Hilton Debuts Its First Net-Zero Hotel in the US

Published 10 May 2022


Global hospitality chain Hilton is opening one of the US’s first net-zero hotels, Hotel Marcel. Located in New Haven, Connecticut, it covers its energy costs via triple-glazed windows and rooftop solar panels. As the hospitality sector works to reduce its considerable carbon footprint, Hotel Marcel offers a model to follow.

Hilton Debuts Its First Net-Zero Hotel in the US


Hotel Marcel occupies a Brutalist building, designed by Hungarian-born architect Marcel Breuer in 1967 as the headquarters for a tyre manufacturer. The structure is landmarked, which required the update to pair preservation with renovation.

For its new life as a hotel, Connecticut-based architecture firm Becker & Becker ensured every upgrade supported a net-zero emissions goal. The solar panels deliver roughly 700,000 kWh of energy during the year – enough to cover the hotel’s annual expenditure. The layered windows are inset, keeping rooms shaded and cool throughout the day, while electric laundry and cooking systems as well as energy-efficient POE lighting also help minimise the need for internal temperature controls.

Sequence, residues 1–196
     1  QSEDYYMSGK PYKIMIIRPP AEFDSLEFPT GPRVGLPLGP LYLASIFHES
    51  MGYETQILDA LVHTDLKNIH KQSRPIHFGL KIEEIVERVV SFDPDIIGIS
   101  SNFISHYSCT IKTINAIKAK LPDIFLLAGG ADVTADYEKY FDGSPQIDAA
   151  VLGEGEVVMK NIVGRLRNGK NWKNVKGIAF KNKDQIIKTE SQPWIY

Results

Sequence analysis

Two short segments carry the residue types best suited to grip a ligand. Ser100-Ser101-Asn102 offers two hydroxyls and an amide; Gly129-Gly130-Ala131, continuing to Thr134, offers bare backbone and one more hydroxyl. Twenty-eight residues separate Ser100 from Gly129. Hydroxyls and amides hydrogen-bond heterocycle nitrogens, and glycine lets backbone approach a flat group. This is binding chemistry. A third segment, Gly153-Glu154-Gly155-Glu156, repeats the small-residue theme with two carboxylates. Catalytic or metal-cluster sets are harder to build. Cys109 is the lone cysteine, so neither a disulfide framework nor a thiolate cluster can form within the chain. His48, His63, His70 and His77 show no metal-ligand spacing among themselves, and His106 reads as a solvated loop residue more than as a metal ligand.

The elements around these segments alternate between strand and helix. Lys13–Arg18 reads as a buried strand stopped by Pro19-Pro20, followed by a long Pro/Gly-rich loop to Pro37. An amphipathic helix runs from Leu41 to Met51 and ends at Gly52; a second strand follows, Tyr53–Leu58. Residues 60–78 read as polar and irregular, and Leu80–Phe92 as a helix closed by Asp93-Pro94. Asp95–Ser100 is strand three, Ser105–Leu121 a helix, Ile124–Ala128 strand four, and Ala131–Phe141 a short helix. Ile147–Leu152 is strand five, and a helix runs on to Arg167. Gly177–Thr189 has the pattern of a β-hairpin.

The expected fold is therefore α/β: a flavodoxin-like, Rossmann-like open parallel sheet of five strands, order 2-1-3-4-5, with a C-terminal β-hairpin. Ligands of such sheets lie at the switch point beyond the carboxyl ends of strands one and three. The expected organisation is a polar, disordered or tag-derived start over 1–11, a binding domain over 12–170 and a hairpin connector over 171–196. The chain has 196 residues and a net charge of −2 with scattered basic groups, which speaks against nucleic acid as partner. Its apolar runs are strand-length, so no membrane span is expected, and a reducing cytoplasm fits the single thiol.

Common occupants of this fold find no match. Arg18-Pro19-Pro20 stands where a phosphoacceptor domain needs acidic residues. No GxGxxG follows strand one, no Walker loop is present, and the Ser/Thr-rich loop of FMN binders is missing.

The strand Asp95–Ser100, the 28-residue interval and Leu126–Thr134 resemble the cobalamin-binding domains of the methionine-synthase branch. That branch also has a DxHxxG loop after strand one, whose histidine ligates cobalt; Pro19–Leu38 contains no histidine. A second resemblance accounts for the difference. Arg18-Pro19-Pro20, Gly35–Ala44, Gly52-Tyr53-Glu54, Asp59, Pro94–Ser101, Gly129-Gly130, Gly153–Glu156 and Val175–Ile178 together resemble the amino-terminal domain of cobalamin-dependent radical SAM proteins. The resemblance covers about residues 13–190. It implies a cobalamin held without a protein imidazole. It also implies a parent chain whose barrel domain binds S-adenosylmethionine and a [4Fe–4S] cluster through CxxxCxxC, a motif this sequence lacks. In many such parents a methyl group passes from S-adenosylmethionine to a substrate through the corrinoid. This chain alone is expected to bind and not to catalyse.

Such updates are invisible to guests – and that’s the point. When visitors realise they can have a boutique experience at an eco-friendly hotel, they'll be more likely to book climate-conscious properties in the future. Unfortunately, many sustainable properties today are expensive, luxury resorts (see 10 Trends: Luxury Travel). Even Hotel Marcel’s rates are out of reach for most guests, starting at around $300 per night for a standard room.

To reduce their widespread environmental impact, hotel operators should adopt sustainable strategies across their portfolios. The basics are accessible: repurpose existing properties, install solar panels, switch to electric. The more hotels boast these features, the more travellers will expect them.

For more on eco-minded travel brands, see Fast-Tracking Sustainable Travel and Travel & Hospitality in Curbing Carbon.